As a developer, we rely heavily on mapping tools to gain a better understanding of the world around us, how it's changed over time, and to help solve problems for our communities. We employ these technologies to help us develop solar power installations in a more sustainable and less invasive manner. Free mapping tools have exploded in recent years due to a growing requirement for data-driven design and the ever-increasing availability of open datasets. Here are five free mapping tools that you may find interesting:
Above features an example of what EnviroMapper can provide. With the location set to Utica, New York, we input that we wanted to look at streams, water bodies, and watersheds by going to More Data → Additional Data Layers → Water Features. The Agriculture, Forestry, And Fishing industry layer was then added by following Search Envirofacts → Search by Industry → and selecting the industry chosen.
This is just one example of the layers you can add to your own map for any area you choose. EnviroMapper is a great tool for anyone looking to learn more about their community, farmers, business owners, and those looking to move somewhere new.
We can best describe CropScape as every farmer’s dream program, as it not only classifies land files, but it is also user friendly especially for those new to the program.
CropScape provides data that can be useful for farmers wanting to look back on past plotting trends to help them better prepare for the next season. In fact, CropScape provides nearly two decades’ worth of data starting from 2002.
The above images show an example of the data that CropScape provides. By selecting a year and an area of interest (the blue highlighted area underneath the data box,) you are instantly provided with data on the type of crop grown, pixel count, and the acreage.
CropScape would be best utilized by farmers and those in the agriculture field.
FEMA’S National Flood Hazard Layer is pretty self-explanatory- it shows flood planes for any available area (dictated in red on their map) and flood-related risks. The program features many key tools that will be important depending on your geographical location and makeup.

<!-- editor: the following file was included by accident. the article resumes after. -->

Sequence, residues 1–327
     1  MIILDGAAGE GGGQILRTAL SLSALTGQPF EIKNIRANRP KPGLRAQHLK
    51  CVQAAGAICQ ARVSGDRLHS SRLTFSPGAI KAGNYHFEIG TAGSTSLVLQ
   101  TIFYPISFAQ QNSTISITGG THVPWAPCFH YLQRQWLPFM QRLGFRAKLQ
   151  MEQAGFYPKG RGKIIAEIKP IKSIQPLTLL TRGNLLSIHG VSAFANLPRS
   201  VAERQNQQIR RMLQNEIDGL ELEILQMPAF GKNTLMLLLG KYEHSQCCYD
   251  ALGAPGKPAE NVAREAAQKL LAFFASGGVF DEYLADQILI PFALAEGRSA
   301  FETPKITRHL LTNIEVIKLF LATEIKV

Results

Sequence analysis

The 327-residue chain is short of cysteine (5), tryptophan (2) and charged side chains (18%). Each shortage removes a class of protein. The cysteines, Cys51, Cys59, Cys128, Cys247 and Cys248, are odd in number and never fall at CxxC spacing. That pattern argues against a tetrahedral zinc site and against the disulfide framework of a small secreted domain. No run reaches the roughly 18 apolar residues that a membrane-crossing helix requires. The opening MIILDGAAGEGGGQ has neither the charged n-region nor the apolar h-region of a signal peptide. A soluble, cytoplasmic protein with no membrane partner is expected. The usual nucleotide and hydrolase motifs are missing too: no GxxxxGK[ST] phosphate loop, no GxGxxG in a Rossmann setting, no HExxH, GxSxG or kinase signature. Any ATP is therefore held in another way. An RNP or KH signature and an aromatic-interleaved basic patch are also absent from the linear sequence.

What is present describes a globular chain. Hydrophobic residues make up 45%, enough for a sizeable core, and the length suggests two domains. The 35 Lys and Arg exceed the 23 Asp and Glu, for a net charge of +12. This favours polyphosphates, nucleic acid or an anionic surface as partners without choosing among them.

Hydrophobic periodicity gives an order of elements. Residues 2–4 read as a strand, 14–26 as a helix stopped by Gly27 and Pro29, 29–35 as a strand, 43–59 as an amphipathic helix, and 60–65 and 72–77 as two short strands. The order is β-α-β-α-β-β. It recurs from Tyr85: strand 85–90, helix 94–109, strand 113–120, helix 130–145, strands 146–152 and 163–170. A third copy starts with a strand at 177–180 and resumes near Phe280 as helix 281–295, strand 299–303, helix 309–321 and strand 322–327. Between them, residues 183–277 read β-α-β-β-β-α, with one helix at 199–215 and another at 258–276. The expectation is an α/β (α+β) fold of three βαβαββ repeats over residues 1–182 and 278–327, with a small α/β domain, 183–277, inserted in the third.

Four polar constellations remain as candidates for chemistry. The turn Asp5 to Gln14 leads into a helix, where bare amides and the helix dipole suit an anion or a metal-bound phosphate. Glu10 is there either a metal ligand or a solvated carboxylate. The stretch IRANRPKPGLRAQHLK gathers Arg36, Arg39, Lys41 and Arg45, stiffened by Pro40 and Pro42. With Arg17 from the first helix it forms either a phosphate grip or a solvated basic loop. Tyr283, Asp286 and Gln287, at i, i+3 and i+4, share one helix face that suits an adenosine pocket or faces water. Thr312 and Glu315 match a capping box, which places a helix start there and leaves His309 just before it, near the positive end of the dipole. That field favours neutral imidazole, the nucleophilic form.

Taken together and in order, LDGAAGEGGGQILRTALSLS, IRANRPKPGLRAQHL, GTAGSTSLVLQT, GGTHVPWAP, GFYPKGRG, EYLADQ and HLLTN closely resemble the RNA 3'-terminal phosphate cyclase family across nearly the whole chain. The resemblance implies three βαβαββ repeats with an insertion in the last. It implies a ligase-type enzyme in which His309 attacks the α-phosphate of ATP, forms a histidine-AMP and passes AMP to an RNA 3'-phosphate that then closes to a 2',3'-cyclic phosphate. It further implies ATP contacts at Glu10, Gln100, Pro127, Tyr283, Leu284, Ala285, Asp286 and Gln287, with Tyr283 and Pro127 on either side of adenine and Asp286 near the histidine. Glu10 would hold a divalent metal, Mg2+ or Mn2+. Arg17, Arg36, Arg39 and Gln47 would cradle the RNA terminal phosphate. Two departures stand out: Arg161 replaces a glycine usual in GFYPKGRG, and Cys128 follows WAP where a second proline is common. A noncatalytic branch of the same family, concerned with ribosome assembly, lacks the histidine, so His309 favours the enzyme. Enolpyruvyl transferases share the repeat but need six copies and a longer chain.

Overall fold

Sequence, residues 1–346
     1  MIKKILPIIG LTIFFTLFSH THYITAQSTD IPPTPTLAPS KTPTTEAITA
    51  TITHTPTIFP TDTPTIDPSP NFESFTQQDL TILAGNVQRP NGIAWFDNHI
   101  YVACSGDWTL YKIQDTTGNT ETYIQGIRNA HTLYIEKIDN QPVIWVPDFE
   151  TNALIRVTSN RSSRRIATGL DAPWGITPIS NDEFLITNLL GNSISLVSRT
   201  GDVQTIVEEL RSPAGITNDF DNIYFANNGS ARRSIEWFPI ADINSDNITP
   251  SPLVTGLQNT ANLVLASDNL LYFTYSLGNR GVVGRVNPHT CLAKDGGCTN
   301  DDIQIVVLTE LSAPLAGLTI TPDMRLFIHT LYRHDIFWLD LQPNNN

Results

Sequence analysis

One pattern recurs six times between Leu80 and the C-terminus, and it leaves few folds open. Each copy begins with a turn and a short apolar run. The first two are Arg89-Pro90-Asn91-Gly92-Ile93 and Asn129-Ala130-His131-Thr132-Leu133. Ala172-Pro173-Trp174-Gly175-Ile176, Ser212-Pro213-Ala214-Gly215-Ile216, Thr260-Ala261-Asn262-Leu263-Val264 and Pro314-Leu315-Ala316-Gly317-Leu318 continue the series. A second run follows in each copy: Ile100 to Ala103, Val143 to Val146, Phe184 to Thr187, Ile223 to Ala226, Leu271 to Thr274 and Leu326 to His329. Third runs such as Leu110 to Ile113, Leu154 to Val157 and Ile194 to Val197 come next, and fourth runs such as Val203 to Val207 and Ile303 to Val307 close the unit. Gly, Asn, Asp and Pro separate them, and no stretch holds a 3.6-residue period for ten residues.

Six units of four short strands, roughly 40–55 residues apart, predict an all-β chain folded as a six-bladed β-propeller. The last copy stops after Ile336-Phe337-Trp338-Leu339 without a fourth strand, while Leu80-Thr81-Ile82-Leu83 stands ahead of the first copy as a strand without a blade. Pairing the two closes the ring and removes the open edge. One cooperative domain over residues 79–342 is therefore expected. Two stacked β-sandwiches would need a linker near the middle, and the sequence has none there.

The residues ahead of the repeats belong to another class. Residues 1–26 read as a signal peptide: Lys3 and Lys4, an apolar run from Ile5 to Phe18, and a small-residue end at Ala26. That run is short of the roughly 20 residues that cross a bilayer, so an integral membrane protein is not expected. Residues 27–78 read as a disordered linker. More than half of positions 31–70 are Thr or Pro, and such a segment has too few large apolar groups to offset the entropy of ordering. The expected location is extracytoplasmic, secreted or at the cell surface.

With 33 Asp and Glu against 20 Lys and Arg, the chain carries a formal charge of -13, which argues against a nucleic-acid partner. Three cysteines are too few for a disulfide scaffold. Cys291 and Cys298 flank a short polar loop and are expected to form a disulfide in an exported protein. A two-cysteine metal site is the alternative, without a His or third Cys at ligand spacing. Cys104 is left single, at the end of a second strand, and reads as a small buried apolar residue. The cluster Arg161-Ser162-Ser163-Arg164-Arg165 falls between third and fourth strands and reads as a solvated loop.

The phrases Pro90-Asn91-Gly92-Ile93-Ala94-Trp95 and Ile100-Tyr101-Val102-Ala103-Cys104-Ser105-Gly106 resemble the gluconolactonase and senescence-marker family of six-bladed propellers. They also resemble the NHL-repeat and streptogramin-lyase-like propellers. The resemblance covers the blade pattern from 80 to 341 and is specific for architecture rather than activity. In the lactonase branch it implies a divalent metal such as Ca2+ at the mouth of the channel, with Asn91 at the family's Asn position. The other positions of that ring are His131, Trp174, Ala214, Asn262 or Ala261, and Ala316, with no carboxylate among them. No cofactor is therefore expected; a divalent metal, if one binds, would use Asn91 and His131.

Key data features for first-time users are Base Flood Elevation, Levees, Flood Hazard Boundaries, and Flood Hazard Zones. Another feature FEMA provides is the NFHL Print Tool, the first data tool available when you first open the program. The user can set it to any city, town, village, etc. they desire, and the tool will then provide a free download with a key on how to read the map.
Above is an example of what a map will look like when downloaded. This one is from Rochester, New York, with the Genesse River. The river and its associated flood hazard areas and featured information is color coded to help with decoding.
Overall, FEMA’s National Flood Hazard Layer tool is decently user-friendly and is a great tool for homeowners and farmers.
A tool best befitting homeowners and homeowners-to-be, the Traffic Data Viewer will give the low-down on nearly everything having to do with traffic. This includes traffic volume, speed limits, the morning, afternoon, and evening peaks, and other data concerning AADT (annual average daily traffic) concern.
Pictured above is an example of what data points will look like for a given area. In this example, we are using Syracuse, New York, and the surrounding area. Each data point is filled with varying data like the aforementioned, and more, as it pertains to each unique point.
The Traffic Data Viewer would be highly useful for those looking to learn more about the area they live or are looking to move to. Traffic plays a heavy part in the work commute and travel sectors of our lives, and it’s never a bad thing to be too prepared for it.
New York’s Environmental Resource Mapper provides details on different wetland classifications and other local habitats. This tool also shows unique geological features that are protected by the state and federal government (although, it will not tell the user exactly what is being protected, for obvious reasons.)
The above example showcases Oneida Lake and the surrounding area. The orange highlighted areas show rare plants or animals, the pink highlighted areas are significant natural communities, and the green highlighted areas are state regulated freshwater wetlands. This is just an example of the many areas that are available to view throughout New York. Overall, Environmental Resource Mapper is a great tool for nature lovers!
No matter what you’re wanting to map and learn about, these five free mapping resources can get you started and learn more about your community. These tools are easy to use no matter your familiarity with mapping software. Happy Mapping!